Home on the range: red-tailed phascogales take a 450km journey to new digs in NSW

By AG STAFF 1 April 2022
Reading Time: 3 Minutes Print this page
Fourteen locally extinct red-tailed phascogales have been reintroduced to Mallee Cliffs National Park in western NSW.

The 12 females and two males will be added to the population of 60 released into the national park in November 2021 thanks to a partnership between Australian Wildlife Conservancy (AWC), the NSW National Parks and Wildlife Service and Adelaide Zoo. The red-tailed phascogales were driven more than 450km from a captive-breeding program at Adelaide Zoo and released at night into nest boxes in the 9570ha fenced feral predator-free refuge at Mallee Cliffs on 30 March.  

On arrival at Mallee Cliffs National Park, AWC ecologists performed health checks on the new residents and fitted them with specially designed tracking collars which will be used to monitor their transition to the new environment.

These collars will be used to monitor initial survival and dispersal and will be removed after four weeks. 

The Mallee Cliffs National Park feral predator free area is a critical conservation effort that will help restore ecosystems and prevent extinctions.

A red-tailed phascogale with its radio collar. Image credit: Adelaide Zoo

“The phascogale is the eighth mammal listed as extinct in NSW that has been returned to NSW national parks in the past three years,” Environment Minister James Griffin said.

“Within a few years, we hope to remove at least 10 mammals from the NSW extinct list – the first time that will have happened anywhere in the world.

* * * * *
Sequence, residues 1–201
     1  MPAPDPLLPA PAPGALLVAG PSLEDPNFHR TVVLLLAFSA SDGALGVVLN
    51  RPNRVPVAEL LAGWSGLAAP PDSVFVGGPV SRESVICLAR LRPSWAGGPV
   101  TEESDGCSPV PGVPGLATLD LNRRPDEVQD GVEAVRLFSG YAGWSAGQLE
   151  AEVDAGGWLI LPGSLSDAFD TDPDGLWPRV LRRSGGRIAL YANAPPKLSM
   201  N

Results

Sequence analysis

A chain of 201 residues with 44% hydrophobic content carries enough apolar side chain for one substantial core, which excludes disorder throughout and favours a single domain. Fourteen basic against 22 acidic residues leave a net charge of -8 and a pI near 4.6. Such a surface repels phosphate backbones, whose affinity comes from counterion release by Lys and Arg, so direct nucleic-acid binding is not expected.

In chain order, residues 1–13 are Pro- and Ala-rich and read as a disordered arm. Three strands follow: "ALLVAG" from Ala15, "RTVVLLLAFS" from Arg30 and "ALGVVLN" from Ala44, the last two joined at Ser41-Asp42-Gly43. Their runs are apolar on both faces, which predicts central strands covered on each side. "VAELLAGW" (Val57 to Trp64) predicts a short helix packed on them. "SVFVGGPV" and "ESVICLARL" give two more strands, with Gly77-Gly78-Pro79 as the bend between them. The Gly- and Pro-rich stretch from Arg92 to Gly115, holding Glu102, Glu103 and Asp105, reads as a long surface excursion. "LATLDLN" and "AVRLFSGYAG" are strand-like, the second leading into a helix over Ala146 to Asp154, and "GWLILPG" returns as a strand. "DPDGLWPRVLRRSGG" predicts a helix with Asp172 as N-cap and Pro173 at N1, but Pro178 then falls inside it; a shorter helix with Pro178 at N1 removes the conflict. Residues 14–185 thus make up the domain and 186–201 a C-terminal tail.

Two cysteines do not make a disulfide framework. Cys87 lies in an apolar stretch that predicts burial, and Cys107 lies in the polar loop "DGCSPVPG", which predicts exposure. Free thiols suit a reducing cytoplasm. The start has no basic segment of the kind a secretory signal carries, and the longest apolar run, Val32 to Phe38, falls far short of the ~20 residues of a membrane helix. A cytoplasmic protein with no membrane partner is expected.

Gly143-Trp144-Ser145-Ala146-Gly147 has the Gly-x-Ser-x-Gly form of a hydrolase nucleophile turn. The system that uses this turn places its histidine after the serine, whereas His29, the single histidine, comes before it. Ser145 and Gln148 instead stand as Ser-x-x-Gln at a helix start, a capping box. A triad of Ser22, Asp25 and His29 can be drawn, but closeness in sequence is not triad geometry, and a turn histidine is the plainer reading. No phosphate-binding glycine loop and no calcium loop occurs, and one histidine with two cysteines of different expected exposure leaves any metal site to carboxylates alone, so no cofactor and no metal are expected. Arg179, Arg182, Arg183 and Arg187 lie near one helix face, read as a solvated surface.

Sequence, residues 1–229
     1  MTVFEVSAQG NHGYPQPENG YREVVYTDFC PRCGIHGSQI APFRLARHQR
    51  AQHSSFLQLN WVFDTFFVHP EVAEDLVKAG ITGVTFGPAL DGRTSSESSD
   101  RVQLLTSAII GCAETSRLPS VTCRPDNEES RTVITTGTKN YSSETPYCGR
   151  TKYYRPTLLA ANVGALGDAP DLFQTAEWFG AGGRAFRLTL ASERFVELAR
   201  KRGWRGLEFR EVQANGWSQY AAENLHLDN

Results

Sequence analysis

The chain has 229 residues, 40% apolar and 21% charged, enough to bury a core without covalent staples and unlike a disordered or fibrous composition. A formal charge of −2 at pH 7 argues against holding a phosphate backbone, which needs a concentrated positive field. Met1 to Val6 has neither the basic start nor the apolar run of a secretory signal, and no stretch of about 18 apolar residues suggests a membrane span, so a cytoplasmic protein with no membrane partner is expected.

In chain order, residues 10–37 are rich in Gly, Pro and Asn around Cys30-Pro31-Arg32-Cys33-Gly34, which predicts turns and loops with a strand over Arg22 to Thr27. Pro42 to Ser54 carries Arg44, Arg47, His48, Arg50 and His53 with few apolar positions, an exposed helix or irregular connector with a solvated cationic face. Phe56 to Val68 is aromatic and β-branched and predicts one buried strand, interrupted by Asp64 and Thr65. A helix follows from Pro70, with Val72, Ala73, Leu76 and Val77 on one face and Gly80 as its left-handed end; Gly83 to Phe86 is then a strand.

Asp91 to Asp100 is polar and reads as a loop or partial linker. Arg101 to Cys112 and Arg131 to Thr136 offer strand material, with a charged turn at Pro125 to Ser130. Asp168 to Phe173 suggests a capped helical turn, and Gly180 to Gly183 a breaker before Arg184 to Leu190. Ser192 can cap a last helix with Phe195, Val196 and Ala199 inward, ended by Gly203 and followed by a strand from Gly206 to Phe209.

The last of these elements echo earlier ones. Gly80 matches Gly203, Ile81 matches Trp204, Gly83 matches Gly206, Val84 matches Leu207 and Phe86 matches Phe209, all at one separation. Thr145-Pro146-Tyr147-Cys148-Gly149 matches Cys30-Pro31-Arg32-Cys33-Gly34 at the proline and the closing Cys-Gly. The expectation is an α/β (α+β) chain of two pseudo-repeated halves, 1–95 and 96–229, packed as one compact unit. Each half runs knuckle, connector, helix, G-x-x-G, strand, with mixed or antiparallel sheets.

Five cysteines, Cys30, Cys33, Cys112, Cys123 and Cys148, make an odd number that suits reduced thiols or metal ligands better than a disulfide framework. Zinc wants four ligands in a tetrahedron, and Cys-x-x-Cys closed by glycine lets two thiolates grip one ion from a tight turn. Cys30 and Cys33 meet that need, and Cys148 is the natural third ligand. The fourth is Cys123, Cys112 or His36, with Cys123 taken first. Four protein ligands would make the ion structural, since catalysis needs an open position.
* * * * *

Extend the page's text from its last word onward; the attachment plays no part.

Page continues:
“State-wide there will soon be 65,000 hectares of feral predator-free areas on national park estate, including this site at the Mallee Cliffs. They’re being established as an essential part of the NSW Government’s conservation strategy, aiming to prevent extinction.”

NSW National Parks and Wildlife Area Manager Jo Gorman said once abundant across much of arid and semi-arid Australia, red-tailed phascogales now occupy just one per cent of their former range, suffering a catastrophic decline following the arrival of cats and foxes.

The feathered tail of the phascogale before being released in Mallee Cliffs NP. Image credit: Adelaide Zoo

“The Mallee Cliffs National Park feral predator free area is aiming to increase the nationwide population of red-tailed phascogales by nearly 20 per cent to around 1660 individuals,” Jo said.

In 2021, AWC, in collaboration with Adelaide Zoo established a captive breeding program for red-tailed phascogales. The phascogales have been breeding successfully over the last 12 months and the newly introduced animals to Mallee Cliffs are the offspring and founders from this program.  

The team at Adelaide Zoo have thoroughly enjoyed looking after the red-tailed phascogales, especially the mums with their jelly-bean sized joeys on board.

Zoos South Australia’s Conservation field officer, Claire Hartvigsen-Power, is incredibly happy with how the program has progressed.

“Our keepers have been working hard to ensure that the captive-bred phascogales will thrive in the wild, and are excited to be a part of the release at Mallee Cliffs National Park,” she said.

“Red-tailed phascogales are just one of the species that Zoos SA are partnering with AWC to return to the wild, and we’re looking forward to continuing to do our bit to support the conservation of Australian wildlife.”

“AWC is working hard to secure the future of the red-tailed phascogale. The project at Mallee Cliffs National Park is unique, seeing 10 regionally extinct mammal species restored to New South Wales to recreate an assemblage and its associated ecosystem processes, that hasn’t been functional for over century,” said Dr Laurence Berry, Senior Wildlife Ecologist at Mallee Cliffs National Park.

Red-tailed phascogale in tree hollow. Image credit: AWC

Elsewhere, AWC has restored red-tailed phascogales to Mt Gibson Wildlife Sanctuary in WA and Newhaven Wildlife Sanctuary in the NT.  

For more information on the Australian Wildlife Conservancy and its work at Mallee Cliffs National Park, click here.